“We’ve all got our junk, and my junk is you.” Teen angst and the dangers of denying knowledge are put on display in Wildwood Summer Theatre’s compelling production of “Spring Awakening,” now playing at the Gaithersburg Arts Barn.
For those unfamiliar with “Spring Awakening,” it is a modern adaptation of the 1891 German play of the same name. Duncan Sheik, most known for his pop music career in the late 90’s (“Barely Breathing” was his debut single), infused an indie rock sensibility into this story of youthful confusion and rebellion, creating an interesting parallel between these characters at the end of the 19th century with the similarly struggling youth at the end of the 20th. Though the musical did not actually come to Broadway until 2006, the connections made still stand strong.
“Spring Awakening” as a piece of art explores the dangers of ignorance and the tragedy of innocence corrupted and it is beautifully performed by the cast.
The story begins with Wendla (Leslie Schneider) alone onstage, lamenting the lack of worldly knowledge and preparation provided by her mother. The other girls in her class feel similarly unprepared and frustrated as they begin the difficult journey through puberty, as do the boys. Moritz (Ben Simon) feels especially out of control, due to vivid dreams of a sexual nature. Because of the heavy influence of the church in every aspect of society, Moritz thinks these dreams mean he is a deviant or insane. His friend Melchior (Devin Cain) tries to put him at ease, and tells him that he’s read in books that these kinds of dreams are normal and writes the knowledge in an essay. If anything, the essay only makes Moritz more anxious, adding to his worries about his poor performance in school. During an afternoon of gossip, the girls find out that Martha (Emily Gordon) is being physically and sexually abused by her father. While Wendla, Anna (Caitlin Barnes), and Thea (Gabriela Schulman) are horrified, Martha begs them not to tell anyone, as she afraid she will end up cast-out and homeless like the similarly circumstanced Ilse (Sanjana Taskar.) Wandering in the woods, Wendla runs into Malchoir and asks him to hurt her, so that she might be able to understand Martha’s pain. Things go too far and it puts them on a path that leads to heartbreak.
This was an impressive production, made even more so when you realize that the entire show is put on by youth between 14 and 25 years old. In fact, as director Itai Yasur shares in his notes, “Spring Awakening’s” original Broadway director is actually an alumnus of the Wildwood Summer Theatre program. The entire cast is quite young, which with this show is to be expected, but so is the orchestra, the crew, and the entire production staff. They handled difficult and complex subject matter with a deftness beyond their years.
The supporting cast was incredibly strong; Jordan Rodriguez, Paul Ihadji-Moudoki, Evan Neufeld, and Jay Corner all turned in solid performances, as did Schulman, Barnes, and Gordon. The harmonies they created were stunning and the simple yet powerful choreography they delivered added to the hurricane of emotions they expelled onstage. All adult roles were played by one man and one woman (Alina Gaynutdinova and Alex Palmer) who did a fantastic job of differentiating multiple roles and helping the audience navigate the changes. Schneider delivered a moving performance of tragic innocence, her sweet disposition making the journey she ultimately took that much more heartbreaking. Her voice blended perfectly with Cain’s soaring tenor, and her gentle spirit provided a counter-point of Melchior’s angry angst. Cain is able to simultaneously portray his deep frustration in the institutions that have such governance over his life and his desperate longing for connection. However, for this reviewer the two standouts were Simon and Taskar as Moritz and Ilse. Their powerful voices impressed me immensely, especially during “Don’t Do Sadness/Blue Wind” which was a standout for me. Taskar’s beautiful solo in “The Song of Purple Summer” was also incredibly moving. Simon displayed an endearing neurosis during “The B**ch of Living,” and stirred the heart during “Those You’ve Known.”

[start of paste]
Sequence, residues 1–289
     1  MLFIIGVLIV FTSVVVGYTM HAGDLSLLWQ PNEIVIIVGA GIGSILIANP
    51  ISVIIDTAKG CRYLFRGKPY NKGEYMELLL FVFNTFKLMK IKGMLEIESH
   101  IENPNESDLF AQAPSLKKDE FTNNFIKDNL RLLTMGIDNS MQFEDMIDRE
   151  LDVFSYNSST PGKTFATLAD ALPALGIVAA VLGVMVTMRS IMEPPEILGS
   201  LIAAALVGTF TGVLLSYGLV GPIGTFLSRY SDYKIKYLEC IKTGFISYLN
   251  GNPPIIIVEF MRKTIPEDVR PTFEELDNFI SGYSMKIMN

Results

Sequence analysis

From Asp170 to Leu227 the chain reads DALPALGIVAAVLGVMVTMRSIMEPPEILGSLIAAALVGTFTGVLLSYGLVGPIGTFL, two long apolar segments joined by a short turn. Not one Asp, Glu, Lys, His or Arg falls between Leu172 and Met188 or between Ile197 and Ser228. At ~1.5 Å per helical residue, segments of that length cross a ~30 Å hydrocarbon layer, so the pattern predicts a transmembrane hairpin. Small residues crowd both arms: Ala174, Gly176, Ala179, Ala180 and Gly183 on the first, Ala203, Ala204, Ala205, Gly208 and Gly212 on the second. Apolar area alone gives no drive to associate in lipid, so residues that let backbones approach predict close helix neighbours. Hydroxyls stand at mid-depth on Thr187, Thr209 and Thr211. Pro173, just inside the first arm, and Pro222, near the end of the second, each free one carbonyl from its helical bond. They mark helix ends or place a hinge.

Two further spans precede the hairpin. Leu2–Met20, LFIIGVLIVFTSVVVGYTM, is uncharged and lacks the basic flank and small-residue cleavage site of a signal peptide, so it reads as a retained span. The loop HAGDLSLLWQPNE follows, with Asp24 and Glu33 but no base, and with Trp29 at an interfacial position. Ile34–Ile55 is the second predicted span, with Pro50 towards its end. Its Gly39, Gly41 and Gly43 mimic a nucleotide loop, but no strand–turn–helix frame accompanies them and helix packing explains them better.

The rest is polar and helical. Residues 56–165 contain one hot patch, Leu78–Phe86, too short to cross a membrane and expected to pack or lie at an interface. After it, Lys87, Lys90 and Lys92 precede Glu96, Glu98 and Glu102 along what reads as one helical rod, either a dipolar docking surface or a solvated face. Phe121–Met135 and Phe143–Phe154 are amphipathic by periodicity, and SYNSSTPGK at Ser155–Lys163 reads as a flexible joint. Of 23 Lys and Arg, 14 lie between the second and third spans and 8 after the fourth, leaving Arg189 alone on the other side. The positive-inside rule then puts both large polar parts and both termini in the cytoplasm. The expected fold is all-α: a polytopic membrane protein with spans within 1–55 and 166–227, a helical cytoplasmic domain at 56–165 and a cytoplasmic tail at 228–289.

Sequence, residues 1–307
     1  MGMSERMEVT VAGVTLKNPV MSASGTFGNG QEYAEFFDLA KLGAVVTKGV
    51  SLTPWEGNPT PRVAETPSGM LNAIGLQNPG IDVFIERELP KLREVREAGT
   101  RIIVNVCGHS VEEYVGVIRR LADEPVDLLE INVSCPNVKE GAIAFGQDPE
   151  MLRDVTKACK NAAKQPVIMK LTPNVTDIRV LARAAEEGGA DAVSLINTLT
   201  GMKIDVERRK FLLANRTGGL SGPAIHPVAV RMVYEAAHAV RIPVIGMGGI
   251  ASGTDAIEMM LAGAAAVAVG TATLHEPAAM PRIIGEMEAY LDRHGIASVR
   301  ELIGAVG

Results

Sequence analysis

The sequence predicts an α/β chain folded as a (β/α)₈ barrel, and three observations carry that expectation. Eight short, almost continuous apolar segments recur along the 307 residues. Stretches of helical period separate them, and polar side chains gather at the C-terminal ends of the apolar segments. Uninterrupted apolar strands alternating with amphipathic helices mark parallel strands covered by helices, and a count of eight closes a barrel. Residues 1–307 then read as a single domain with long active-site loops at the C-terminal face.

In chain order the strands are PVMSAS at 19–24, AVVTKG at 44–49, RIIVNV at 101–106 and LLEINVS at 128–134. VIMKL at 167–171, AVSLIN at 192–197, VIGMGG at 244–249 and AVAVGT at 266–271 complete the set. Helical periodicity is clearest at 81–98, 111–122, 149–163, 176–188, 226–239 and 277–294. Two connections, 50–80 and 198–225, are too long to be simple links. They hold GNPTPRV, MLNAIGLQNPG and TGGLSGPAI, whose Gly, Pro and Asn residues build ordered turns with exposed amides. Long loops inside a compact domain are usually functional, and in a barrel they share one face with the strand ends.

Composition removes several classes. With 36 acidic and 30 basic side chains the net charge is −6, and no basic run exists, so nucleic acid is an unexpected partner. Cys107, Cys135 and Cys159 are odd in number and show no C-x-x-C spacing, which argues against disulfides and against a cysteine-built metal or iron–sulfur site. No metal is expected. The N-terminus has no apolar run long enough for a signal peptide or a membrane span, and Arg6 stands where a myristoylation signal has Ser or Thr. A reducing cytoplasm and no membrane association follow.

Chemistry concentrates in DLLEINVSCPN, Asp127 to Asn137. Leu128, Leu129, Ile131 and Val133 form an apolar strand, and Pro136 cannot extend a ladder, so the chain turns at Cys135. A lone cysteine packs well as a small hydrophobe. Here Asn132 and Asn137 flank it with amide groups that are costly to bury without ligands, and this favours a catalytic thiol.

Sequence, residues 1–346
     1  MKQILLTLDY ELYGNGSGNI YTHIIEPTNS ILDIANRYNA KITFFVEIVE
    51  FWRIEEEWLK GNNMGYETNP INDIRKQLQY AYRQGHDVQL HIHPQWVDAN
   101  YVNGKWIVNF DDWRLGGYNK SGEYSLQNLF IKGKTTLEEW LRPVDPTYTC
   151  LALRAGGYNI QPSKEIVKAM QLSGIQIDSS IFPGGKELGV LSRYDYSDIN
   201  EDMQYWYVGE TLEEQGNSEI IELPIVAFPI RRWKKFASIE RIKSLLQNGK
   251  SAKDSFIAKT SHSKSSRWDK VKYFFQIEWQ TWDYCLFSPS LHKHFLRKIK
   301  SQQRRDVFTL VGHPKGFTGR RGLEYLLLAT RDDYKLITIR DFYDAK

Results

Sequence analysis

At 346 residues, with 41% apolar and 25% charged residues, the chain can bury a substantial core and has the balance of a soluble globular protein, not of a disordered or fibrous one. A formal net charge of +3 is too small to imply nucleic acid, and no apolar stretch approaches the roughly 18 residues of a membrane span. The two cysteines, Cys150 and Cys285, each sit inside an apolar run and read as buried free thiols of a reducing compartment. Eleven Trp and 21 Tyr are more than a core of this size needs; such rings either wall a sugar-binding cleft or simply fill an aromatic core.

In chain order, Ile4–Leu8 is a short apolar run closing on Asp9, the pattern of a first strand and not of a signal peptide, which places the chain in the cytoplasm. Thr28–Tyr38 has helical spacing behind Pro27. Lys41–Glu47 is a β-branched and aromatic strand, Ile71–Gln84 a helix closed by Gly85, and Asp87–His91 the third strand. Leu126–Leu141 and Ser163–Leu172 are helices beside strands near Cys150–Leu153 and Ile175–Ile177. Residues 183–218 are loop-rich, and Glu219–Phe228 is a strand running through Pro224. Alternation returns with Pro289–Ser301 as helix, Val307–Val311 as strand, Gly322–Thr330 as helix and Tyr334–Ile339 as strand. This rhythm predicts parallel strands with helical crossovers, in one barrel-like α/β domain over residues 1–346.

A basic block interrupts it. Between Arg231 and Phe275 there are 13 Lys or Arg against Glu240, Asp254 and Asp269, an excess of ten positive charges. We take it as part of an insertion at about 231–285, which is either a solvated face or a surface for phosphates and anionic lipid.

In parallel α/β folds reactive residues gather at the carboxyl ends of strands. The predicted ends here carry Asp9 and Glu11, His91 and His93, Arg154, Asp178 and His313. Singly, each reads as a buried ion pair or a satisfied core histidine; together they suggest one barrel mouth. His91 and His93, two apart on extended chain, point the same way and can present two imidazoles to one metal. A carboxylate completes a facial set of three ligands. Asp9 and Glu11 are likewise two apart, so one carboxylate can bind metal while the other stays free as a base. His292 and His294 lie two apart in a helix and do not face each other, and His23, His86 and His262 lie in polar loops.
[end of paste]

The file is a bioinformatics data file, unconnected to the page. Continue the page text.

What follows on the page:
The production was also inventive and fresh, making unique choices. One of these was the use of purple paint to mark the characters who experience forbidden physical love, making them carry a physical manifestation of their change through the rest of the show. There was also an incredibly beautiful visual effect in the second act using the light from cell phones paired with electric blue light that stunned the audience (Properties Designer, Allison Griffith.) The costumes were also well done, with the colors and wardrobe reflecting the innocence of the young characters and the adults in purple, again representing maturity (Alina Gaynutdinova.) Finally, the show could not have been as successful without the amazing orchestra, led by Maddy Gershunskiy. They were at the back of the stage for the entire performance and did a stellar job with the complex music of the show.
“Spring Awakening” as a piece of art explores the dangers of ignorance and the tragedy of innocence corrupted and it is beautifully performed by the cast. I highly recommend checking it out while you have the chance.
“Spring Awakening” runs for approximately 2 hours with one 15 minute intermission.
Advisory: “Spring Awakening” contains adult language and situations, including suicide and sexual abuse. Recommended for ages 15 and older.
“Spring Awakening” is now playing at the Gaithersburg Arts Barn, through August 12th. For more information, including how to buy tickets, please click here.